bitter is not better

dark chocBitter may be OK for dark chocolate, herbs, or ales, but it is not good for people.

Bitterness is so ugly.
Amy Heckerling

The last few weeks, I heard numerous times about the need to fight against becoming a bitter person. I’m not sure if people were seeing the tendency in me, but I have decided to take the counsel seriously. We all have the ability to become bitter people; life is hard, but we choose how we will respond to the hits that life brings our way.

We start out life very naive and optimistic. We believe that we can do anything if we work hard enough, and we live our days with a (false) sense of immortality and invincibility. We erroneously think we can easily choose our career path, change our spouse, and control our children.

Somewhere between 30-50 years old, we discover that life did not turn out like we thought it would. Individuals and families struggle with terminal illness, unemployment, prodigal children, tragic accidents, incurable medical disorders, loved one’s early deaths, long-term singleness, separation and divorce… unexpected, unplanned, and unavoidable chips to our perfectly manicured world. We get hurt in relationships that cause conflict, under-appreciate and undervalue our work, misunderstand and overlook our contributions. Life is hard – really hard.

It is a simple but sometimes forgotten truth
that the greatest enemy
to present joy and high hopes
is the cultivation of retrospective bitterness.

Robert Menzies

If we focus on negative circumstances, compare our life with others’, or refuse to forgive wrongs, we harden our heart and pave a path toward bitterness. We find ourselves critical, complaining, angry and discouraged with life. It is natural and easy to do.

On the other hand, if we practice gratitude, contentment, and peace with others – even during the hard times – we can pass through our struggles singed by real life, but not burned and destroyed. The pain is real, but it does not have to define us.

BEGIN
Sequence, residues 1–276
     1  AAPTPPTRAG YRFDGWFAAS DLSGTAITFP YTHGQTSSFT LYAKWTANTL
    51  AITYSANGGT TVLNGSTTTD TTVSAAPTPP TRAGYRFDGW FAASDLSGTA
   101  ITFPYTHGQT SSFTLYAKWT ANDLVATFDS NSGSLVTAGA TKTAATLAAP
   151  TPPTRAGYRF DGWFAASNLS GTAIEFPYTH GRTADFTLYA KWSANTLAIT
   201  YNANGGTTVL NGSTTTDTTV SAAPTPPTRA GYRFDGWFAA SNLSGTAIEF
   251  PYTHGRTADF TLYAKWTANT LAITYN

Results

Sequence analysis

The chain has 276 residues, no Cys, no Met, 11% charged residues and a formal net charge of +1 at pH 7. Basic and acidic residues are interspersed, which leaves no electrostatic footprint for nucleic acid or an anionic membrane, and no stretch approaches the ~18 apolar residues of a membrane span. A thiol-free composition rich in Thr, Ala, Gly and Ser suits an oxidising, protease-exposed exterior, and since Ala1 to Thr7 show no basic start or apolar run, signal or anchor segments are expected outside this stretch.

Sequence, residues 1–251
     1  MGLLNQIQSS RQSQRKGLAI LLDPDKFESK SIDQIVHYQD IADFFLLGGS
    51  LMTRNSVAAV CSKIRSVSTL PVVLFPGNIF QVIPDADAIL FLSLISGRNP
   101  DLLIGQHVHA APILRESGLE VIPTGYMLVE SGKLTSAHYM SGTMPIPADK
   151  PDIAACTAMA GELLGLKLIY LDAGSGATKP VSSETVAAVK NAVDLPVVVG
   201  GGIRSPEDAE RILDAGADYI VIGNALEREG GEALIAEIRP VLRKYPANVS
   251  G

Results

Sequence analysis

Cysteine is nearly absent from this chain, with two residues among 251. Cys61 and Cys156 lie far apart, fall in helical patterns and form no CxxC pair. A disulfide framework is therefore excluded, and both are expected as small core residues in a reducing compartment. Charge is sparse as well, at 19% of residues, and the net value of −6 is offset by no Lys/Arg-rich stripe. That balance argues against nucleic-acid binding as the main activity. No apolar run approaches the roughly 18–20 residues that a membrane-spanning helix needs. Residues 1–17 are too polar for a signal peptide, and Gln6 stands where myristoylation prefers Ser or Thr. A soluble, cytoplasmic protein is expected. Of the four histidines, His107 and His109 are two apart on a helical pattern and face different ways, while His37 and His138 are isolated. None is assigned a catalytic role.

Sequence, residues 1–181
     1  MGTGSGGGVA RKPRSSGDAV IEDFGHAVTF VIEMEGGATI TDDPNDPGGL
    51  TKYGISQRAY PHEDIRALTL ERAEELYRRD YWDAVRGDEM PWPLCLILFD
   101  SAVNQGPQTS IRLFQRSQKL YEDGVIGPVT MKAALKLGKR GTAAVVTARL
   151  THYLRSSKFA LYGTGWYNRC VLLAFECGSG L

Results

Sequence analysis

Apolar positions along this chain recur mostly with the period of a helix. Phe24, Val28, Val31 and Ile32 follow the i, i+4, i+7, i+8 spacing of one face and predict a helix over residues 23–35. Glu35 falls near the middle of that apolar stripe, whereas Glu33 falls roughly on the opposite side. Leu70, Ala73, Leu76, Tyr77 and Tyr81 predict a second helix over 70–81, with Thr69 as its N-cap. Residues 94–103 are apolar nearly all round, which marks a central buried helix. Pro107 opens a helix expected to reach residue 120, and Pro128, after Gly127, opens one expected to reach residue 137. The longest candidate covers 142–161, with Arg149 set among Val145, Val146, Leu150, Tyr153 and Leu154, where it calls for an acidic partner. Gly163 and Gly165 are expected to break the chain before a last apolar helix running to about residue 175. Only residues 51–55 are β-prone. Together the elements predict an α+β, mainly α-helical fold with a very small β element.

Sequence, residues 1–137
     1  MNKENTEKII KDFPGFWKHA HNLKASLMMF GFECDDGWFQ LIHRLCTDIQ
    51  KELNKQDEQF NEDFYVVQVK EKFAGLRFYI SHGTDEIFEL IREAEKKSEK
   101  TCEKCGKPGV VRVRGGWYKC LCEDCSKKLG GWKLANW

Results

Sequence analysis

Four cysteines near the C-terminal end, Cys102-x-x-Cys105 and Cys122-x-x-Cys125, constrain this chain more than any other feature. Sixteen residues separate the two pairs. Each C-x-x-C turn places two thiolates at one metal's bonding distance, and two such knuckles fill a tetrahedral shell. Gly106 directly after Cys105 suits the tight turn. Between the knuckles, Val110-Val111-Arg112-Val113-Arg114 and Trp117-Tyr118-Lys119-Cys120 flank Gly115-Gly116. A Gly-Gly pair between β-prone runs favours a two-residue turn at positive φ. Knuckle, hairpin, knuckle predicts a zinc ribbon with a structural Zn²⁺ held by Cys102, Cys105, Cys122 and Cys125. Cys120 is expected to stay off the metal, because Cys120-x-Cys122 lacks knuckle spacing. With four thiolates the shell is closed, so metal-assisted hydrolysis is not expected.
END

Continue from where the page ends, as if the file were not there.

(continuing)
Bitterness imprisons life; love releases it.
Bitterness paralyzes life; love empowers it.
Bitterness sours life; love sweetens it.
Bitterness sickens life; love heals it.
Bitterness blinds life; love anoints its eyes.

Harry Emerson Fosdick

I do not want bitterness to control my life. I am praying and asking others to help me process the hard experiences in my life so that I respond with love instead.

How do you fight bitterness? Do you need to ask someone for help?

honoring a great woman

patronsaintsmidwivessynchroblogIn honor of International Women’s Day, Sarah Bessey is hosting a link-up for us to honor the Spiritual Midwives and Patron Saints in our lives. My mind immediately began to race about all the incredible and amazing women who have graced my life…

Spiritual Midwives (those I know personally), Patron Saints (those I have never met), and precious lives that have intersected with mine through the years. I could write about so many of them…

Today I have decided to honor one woman in particular… my sister.

terry n lulu

This very special lady was instrumental in introducing me to a personal relationship with God. In her new faith, she bravely shared with me her child-like knowledge, facing my skepticism and scoffing, and her changed life was one of the key elements in my ultimate choice for saving grace. Her continued faith through the years is a great encouragement to me.

Her life has not been easy and she has had her share of struggles and stumbles along the way, but she continues forward always. She has never given up – although I know she has felt tempted. She prays for, serves, defends, and loves her husband, children, family, friends, and community. She is authentic and real about her life story, and her lack of pretense attracts others to her.

She is a faithful listener and a truth-speaker. We love to walk and talk together, and she has challenged me more than once to reconsider my heart attitude and my natural inclinations for something better. She speaks without judgement, but rather with a sincere desire to help and encourage.

My sister’s help is so often sacrificial. We have to remind her to take care of her own needs. She is hospitable, generous, creative and humble. She is often found cooking, cleaning, running errands, or babysitting for others. She has welcomed my whole crazy family into her small, cozy home for too-long periods of time more times than I could ever count. More than that, she has welcomed us into her heart.

My sister will probably never be famous outside of a small community circle, but her influence will reach the world through the people she prays for and supports.

I love you, Laura, and I honor you on this International Woman’s Day! May your legacy be an encouragement to many other woman today and in the future. ♥ ♥ ♥ ♥ ♥

_____

Who are your spiritual midwives or patron saints? Who would you like to honor today?